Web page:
Climate Economics

Climate Economics at SEI-US

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Modeling Risk in Climate Economics

Staff: Ackerman, F. ; Stanton, E.A. ; Bueno, R.
Date: 2011-2012
Client/Funder: Litterman Family Foundation

Research Area(s): Climate Economics

Description: Climate change involves uncertain probabilities of catastrophic risks, and very long-term consequences of current actions. Climate economics, therefore, is centrally concerned with the treatment of risk and time. Yet conventional assumptions about utility and optimal economic growth create a perverse connection between risk aversion and time preference, such that more aversion to current risks implies less concern for future outcomes, and vice versa. SEI set out to address this problem, adopting methods from the economics of finance. The result was a working paper now submitted to an economics journal (see link below).
Related Publication(s): Epstein-Zin utility in DICE: Is risk aversion irrelevant to climate policy?

Climate Impact Equity Lens (CIEL)

Staff: Stanton, E.A. ; Bueno, R. ; Davis, M.
Date: 2011-12
Client/Funder: SEI Research Innovation Fund (NOVA)

Research Area(s): Climate Economics

Description: Large-scale climate impacts, with losses in the billions or trillions of dollars, may be hard to visualize. How will climate change affect you as an individual? Using a new methodology, the CIEL model calculates the net gains and losses for typical individuals resulting from a global failure to abate greenhouse-gas emissions. Results are compared for individuals facing low, medium and high damages in high-income and low-income countries. Some of the most important choices that underpin economic assessments of potential climate policies are based not on science, but on normative beliefs; CIEL approaches these choices as important information for policymakers and the public at large, and presents results for multiple values of each key assumption. Case studies will apply CIEL to the Caribbean, which faces extreme climate risks, and to the United States.
More information
Related Publication(s): Real People, Real Impacts: The Climate Impact Equity Lens
Real People, Real Impacts: The Climate Impact Equity Lens (Policy Brief)
The CIEL Backgrounder: Understanding the Climate Impact Equity Lens

How Much Are the Oceans Worth? Assessing the Economic Value of Oceans and the Cost of Inaction

Staff: Ackerman, F. ; Stanton, E.A. ; Davis, M.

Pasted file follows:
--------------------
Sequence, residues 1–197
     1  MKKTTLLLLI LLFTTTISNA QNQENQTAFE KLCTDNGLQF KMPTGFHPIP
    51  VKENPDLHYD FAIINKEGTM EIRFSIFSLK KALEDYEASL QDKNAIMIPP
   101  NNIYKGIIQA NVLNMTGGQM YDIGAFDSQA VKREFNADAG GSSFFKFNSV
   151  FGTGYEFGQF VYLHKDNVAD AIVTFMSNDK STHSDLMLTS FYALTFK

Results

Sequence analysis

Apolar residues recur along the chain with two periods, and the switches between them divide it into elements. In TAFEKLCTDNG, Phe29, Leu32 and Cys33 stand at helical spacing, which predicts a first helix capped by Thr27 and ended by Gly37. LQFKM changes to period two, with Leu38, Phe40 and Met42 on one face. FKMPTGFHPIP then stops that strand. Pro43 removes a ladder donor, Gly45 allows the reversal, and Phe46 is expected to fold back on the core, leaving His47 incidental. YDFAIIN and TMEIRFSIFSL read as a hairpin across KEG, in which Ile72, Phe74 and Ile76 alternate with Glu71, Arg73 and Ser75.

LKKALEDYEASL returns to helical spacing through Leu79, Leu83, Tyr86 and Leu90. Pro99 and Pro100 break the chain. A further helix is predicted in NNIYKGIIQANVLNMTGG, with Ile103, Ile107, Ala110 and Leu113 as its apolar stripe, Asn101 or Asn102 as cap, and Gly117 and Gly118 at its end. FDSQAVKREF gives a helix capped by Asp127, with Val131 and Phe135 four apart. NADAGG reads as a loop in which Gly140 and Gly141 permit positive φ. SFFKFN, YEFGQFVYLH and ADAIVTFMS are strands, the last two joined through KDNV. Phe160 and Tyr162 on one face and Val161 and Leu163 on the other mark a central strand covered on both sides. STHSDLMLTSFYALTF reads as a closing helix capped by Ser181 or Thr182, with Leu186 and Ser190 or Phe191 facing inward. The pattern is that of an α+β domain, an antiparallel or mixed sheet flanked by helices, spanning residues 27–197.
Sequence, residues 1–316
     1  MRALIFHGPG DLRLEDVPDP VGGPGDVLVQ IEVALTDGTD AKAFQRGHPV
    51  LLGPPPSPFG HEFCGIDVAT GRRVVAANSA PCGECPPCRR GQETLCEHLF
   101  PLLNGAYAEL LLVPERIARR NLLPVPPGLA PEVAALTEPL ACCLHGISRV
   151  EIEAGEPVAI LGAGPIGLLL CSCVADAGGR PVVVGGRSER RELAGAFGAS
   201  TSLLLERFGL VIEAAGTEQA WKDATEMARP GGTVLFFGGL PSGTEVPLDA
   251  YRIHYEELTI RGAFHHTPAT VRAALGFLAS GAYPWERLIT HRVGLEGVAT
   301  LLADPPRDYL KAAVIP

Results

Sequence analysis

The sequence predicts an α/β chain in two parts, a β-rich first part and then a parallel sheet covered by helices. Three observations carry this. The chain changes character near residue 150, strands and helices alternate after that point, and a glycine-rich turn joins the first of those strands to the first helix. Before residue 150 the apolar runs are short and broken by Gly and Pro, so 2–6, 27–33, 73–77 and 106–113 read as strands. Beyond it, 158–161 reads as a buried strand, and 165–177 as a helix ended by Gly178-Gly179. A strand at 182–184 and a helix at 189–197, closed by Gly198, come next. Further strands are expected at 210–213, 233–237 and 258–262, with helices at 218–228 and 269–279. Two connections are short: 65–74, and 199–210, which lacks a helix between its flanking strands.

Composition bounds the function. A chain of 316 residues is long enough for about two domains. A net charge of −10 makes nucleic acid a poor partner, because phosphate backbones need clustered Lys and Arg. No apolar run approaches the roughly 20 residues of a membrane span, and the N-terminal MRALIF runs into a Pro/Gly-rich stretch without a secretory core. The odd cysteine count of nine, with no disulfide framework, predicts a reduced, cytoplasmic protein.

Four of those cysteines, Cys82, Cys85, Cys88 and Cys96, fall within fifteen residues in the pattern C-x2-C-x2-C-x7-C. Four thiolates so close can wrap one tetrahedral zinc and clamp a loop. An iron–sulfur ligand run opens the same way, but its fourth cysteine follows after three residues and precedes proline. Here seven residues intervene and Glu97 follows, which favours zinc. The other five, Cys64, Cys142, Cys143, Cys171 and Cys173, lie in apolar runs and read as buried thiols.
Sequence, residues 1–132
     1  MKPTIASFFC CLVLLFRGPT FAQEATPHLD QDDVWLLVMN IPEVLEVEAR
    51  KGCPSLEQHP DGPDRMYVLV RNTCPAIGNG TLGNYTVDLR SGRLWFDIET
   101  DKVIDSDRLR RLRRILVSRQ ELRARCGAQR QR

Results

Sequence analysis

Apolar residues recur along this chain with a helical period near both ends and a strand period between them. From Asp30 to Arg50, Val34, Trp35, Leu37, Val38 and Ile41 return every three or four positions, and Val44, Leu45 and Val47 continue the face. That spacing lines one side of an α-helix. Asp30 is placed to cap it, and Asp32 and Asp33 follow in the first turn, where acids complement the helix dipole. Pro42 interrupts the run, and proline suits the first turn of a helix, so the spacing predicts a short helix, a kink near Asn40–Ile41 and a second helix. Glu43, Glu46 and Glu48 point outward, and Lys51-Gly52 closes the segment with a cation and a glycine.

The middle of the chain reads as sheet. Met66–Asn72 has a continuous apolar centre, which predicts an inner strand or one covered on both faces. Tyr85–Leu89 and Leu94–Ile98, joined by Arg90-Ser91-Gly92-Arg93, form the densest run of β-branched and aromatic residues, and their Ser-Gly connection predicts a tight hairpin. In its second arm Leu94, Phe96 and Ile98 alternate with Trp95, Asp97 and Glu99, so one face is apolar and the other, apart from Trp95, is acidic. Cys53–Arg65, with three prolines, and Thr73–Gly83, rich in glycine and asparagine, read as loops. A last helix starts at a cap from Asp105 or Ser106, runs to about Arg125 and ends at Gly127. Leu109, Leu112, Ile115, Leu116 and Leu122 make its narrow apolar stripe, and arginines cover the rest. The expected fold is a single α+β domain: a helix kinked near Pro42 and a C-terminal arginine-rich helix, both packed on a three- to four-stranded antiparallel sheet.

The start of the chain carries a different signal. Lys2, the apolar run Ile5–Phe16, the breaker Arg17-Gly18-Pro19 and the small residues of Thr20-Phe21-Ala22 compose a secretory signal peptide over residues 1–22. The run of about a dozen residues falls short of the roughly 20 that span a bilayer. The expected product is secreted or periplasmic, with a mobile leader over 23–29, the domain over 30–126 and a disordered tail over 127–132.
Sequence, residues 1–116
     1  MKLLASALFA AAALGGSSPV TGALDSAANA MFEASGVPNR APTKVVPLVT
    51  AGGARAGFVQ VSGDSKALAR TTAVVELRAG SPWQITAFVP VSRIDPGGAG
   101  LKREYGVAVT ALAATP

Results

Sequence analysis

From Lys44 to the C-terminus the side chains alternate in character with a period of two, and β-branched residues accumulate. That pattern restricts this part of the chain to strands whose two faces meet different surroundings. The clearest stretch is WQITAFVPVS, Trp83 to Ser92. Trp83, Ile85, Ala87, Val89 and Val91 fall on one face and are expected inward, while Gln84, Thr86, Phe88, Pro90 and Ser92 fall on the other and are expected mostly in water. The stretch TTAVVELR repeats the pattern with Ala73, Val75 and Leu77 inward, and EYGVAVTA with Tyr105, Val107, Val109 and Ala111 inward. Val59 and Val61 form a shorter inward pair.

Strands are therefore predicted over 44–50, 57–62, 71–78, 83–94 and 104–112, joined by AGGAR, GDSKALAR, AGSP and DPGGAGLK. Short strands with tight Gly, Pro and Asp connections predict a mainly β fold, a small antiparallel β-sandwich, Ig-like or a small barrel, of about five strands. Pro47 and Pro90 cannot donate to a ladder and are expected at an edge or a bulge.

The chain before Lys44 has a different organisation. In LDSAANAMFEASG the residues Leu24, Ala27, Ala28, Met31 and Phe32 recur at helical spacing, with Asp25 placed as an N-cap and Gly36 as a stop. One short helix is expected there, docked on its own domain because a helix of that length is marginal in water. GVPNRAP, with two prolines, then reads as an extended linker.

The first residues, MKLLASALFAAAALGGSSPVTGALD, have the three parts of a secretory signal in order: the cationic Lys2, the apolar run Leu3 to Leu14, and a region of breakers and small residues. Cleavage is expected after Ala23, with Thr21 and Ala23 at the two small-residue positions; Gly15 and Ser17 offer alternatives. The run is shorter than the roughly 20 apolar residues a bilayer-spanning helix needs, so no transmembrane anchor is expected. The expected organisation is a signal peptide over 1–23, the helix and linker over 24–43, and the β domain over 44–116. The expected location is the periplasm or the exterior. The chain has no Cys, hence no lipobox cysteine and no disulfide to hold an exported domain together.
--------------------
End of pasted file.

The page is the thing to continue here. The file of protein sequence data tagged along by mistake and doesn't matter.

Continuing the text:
Date: 2010-12

Research Area(s): Climate Economics

Description: Despite oceans' enormous importance, scant attention has been given to them in climate policy. We now realize oceans face several threats, including rising temperatures, acidification, pollution, and large regions that have become anoxic. Coastal areas are also threatened by sea-level rise. This project, part of an international, multi-disciplinary effort led by SEI, takes a holistic approach to those issues and provides estimates of their economic impacts and implications. Our research will examine the economic cost of climate impacts on marine fishing, tourism and recreation, coastal property and infrastructure, and other industries.

Climate and Regional Economics of Development (CRED)

Staff: Ackerman, F. ; Bueno, R. ; Stanton, E.A.
Date: 2009-2012

Research Area(s): Climate Economics

Description: SEI's Climate and Regional Economics of Development (CRED) is an integrated assessment model, with a central focus on the global distribution of climate damages and climate policy costs. It is designed to estimate both the best pace of investment in mitigation, and the best distribution of the cost of that investment to regions of the world. Our goal is to inform global climate negotiations and help break the stalemate between developed and developing countries. In 2011 and beyond we plan to extend and enrich the CRED model, providing projections of costs, benefits, climate impacts, and investment needs at a sub-regional level. The analysis of global inequality highlighted by CRED's basic results will be extended to include inequalities within major world regions, such as Europe and South/Southeast Asia. We are also exploring options for incorporating new approaches to risk and uncertainty into CRED, based on important recent developments in the economic theory of climate change.